The state‘s plan to make the start-up sector a leading one, and the abundant venture capital injections from the state and the private sector have resulted in a bubble in the financing market by  2016. International analysts think Chinese hi-tech companies are excessively overvalued, since they have pumped too much money into start-ups which are moderately competitive in an international context. It is partly due to the fact that many investors do not have sufficient experiment to judge start-ups appropriately in an early stage of their lifecycle, therefore less competitive companies could also get considerable funds.

The Ministry of Science and Technology appoints some incubators “national”, which means more government subsidy to these organisations. “National” incubators attract the most talented start-ups and investors more easily, since they can receive tax allowances, favourable loans and other support.


In Europe and the USA the myth that Shanghai is China’s centre of innovation still persists, but this has not been the case for years now.  Although Shanghai and Kanton province are still very important centres of innovation, Beijing has become the number one hub of innovation in the country.

It was not a coincidence that Beijing became a start-up centre: the presence of the elite universities of the country and the bodies of central government resulted in the fact that most Chinese internet companies have their headquarters in Beijing. In addition, in the personal relationship-based (guanxi) Chinese culture, when state resources are allocated, such incubators are favoured which have proper representation in the capital.


Of all programmes operated by the Chinese government with the aim to support the kick-start of China’s high-tech industry, the Torch Programme is definitely the most popular and successful initiative. The secret of the success of the programme launched in 1988 is that it managed to break free of China’s rigid bureaucracies; its leadership style and organisational structure is more similar to those of a western incubator than a state-owned organisation. This character has proven to be essential for accommodating the Torch Programme to the rapidly and continuously changing economy of the country successfully.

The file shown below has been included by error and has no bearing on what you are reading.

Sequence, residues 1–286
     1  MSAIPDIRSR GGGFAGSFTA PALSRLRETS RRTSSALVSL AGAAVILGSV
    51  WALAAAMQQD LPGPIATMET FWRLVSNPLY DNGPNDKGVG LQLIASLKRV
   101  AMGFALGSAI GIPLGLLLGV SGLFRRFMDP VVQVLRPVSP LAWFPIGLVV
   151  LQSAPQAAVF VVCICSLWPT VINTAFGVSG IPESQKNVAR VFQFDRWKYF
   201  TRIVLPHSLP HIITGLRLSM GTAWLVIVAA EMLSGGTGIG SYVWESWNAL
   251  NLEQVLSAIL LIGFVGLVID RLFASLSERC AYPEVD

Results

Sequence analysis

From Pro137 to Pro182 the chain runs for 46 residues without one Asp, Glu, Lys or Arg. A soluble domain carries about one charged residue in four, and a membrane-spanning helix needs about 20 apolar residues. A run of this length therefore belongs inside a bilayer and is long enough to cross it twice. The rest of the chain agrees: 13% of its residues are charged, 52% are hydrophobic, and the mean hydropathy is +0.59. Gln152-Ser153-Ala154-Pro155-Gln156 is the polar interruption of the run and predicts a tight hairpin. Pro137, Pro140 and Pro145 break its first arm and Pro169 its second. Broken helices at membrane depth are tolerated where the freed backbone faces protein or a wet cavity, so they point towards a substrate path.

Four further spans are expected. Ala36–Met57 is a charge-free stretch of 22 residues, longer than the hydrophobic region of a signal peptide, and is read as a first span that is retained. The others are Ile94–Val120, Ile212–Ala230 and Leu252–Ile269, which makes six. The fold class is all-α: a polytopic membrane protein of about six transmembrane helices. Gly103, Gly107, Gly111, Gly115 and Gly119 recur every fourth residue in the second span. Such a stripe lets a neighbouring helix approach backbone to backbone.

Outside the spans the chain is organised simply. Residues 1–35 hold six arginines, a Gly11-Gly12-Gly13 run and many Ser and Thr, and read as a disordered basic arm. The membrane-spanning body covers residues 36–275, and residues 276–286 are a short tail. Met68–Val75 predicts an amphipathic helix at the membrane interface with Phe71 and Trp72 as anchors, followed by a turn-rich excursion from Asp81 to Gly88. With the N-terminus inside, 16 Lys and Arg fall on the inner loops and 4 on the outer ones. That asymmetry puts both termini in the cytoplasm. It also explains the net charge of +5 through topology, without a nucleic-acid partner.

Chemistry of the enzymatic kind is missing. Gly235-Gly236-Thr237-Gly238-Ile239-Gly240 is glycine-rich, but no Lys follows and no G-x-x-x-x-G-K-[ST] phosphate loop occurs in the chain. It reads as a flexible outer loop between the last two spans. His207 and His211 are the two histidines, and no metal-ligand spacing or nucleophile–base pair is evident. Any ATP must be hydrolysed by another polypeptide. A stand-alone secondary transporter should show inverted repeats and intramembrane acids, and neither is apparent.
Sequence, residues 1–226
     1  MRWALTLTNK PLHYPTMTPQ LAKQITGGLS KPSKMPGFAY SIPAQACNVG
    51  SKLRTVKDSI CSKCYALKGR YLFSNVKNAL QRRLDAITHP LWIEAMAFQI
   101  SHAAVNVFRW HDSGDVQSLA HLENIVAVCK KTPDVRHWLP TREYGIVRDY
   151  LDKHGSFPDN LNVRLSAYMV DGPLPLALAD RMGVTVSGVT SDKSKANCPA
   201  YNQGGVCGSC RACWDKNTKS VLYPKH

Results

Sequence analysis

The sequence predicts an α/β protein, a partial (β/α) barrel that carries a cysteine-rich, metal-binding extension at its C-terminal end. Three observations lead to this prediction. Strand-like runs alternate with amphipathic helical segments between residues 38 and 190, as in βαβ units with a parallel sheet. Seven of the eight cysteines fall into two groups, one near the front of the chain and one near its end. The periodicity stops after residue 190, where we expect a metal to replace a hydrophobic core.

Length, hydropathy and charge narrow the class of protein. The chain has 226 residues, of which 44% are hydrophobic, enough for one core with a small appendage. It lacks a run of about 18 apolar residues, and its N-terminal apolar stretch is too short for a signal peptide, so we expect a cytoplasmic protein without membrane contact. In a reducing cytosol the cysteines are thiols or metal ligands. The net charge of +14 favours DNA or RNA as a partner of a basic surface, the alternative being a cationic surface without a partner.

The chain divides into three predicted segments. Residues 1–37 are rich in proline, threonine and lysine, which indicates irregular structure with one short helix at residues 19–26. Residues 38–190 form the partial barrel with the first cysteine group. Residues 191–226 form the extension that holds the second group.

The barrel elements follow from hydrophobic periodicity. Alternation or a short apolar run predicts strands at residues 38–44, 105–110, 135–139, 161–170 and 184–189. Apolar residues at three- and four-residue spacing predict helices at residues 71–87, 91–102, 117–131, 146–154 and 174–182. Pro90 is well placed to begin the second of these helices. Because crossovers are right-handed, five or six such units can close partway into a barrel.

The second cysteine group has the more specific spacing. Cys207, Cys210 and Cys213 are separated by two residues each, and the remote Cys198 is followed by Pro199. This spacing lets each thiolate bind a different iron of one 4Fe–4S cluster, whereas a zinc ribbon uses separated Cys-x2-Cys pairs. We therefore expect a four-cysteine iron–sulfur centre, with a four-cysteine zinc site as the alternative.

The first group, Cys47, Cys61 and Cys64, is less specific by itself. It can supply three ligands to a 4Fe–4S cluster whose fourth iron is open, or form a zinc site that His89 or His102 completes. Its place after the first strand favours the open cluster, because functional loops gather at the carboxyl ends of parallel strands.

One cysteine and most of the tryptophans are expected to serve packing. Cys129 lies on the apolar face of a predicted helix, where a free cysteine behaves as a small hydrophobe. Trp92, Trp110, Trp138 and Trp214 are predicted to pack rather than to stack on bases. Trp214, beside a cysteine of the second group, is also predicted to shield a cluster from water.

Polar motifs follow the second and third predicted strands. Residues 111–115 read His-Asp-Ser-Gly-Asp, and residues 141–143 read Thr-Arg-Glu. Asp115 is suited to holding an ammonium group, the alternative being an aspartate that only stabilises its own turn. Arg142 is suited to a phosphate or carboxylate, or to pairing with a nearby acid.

While Silicon Valley has become the centre of American high-tech start-ups in a natural way, China focussed the resources on some geographical locations designated by government programmes. Companies with geographically closely located headquarters form clusters and gain a competitive advantage against isolated companies. In technology clusters, a close relationship is established between companies, as well as laboratories and research institutes.  Thus, it is not surprising, that the government designated most of the technology parks in the near of China’s best universities of engineering, fostering the collaboration between companies and universities.

The first such centre was Zhongguancun Science Park (Z-Park) in Beijing, which is still called China’s Silicon Valley. Z-Park covers approximately 17% of the capital’s area, including 32 universities and colleges (such as Tsinghua and Beijing Universities) and 84 national key laboratories. The companies of Z-Park account for one-third of the high-tech start-up investments of the country. By 2011 there had been 89 technology parks similar to Z-Park operating all around China. These account for 33% of the total high-tech performance of the country, i.e. 7% of Chinese GDP. By 2011 more than 1,000 start-up incubators had been working in these 89 state-designated high-tech clusters. 300 hundred of them have been given the “national” attributive, and approximately 20% of these are privately owned. About 60, 000 start-ups have been housed by incubators, including some of today’s giants, such as Lenovo and Huawei. In addition to technology parks and incubators, he third important element of the Torch Programme is InnoFund, which offers equity investment opportunities and loan interest subsidies on existing development loans. Since 1999 9,000 projects have been approved and $1 billion have been allocated within the framework of InnoFund.